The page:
Having both sent and received communications with the phrase "please be informed," I've come to the conclusion that it is never followed by good cheer, at least in my industry. You never get "please be informed that my client has agreed to your settlement demand" or "please be informed that we will be dropping the money laundering charges against your client." I've used it three times in the last year to tell people that their demands to my clients violated state and federal extortion laws. Is it easier to unload unpleasant sentiments in detached-sounding terms? Or is it that the awkward grammar twists the knife a little? Further study is warranted.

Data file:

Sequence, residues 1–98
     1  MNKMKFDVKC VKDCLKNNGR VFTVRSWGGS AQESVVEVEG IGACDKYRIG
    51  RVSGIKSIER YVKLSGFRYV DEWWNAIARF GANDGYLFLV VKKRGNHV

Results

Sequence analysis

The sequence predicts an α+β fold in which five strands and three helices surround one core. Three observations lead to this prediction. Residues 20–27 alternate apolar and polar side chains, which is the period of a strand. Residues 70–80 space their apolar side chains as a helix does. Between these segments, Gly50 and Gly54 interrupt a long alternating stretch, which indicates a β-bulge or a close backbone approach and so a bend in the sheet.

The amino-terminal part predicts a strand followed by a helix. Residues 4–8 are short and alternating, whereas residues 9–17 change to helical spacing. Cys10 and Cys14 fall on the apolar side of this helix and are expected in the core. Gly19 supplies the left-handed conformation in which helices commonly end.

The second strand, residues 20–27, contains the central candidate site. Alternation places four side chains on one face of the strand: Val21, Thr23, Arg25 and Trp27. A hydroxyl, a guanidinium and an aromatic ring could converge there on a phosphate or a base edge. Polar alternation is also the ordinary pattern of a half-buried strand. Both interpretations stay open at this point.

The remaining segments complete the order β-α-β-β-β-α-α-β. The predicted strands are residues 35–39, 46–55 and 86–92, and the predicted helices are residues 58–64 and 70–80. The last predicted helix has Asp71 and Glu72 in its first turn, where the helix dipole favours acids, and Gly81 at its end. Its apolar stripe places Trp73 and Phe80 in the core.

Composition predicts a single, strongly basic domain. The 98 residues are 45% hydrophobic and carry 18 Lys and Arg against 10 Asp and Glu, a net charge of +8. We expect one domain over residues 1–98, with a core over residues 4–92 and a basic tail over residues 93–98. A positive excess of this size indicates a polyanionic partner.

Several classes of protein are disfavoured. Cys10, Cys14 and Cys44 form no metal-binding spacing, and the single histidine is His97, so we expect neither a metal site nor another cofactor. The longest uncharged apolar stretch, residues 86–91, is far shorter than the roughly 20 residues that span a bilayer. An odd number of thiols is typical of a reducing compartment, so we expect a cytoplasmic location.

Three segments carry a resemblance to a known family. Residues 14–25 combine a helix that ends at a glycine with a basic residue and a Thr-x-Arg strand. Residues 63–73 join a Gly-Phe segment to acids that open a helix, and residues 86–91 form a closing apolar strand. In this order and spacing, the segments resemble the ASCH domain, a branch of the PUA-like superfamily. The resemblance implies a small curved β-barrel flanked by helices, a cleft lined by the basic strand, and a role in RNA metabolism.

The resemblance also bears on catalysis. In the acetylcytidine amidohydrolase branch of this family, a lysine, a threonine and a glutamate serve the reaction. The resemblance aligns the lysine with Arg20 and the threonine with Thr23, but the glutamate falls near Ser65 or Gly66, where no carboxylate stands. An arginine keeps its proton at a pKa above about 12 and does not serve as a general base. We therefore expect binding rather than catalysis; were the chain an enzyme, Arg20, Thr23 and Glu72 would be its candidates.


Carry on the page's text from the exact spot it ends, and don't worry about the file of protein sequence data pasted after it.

Also, in 2008 I have now twice encountered a phrase that is fast becoming a most-hated — "conduct yourself accordingly," in both instances at the end of a threatening letter. I did conduct myself accordingly, in that I spent about 50% more time making the response letter that much more vicious.
Last 5 posts by Ken White
- Popehat Goes To The Opera: Un ballo in maschera - August 19th, 2017
- Department of Justice Uses Search Warrant To Get Data On Visitors to Anti-Trump Site - August 14th, 2017
- America At The End of All Hypotheticals - August 14th, 2017
- Lawsplainer: Why John Oliver Is Anti-Diversity Now - August 11th, 2017
- Anatomy of a Scam, Chapter 15: The Wheels, They Grind - August 10th, 2017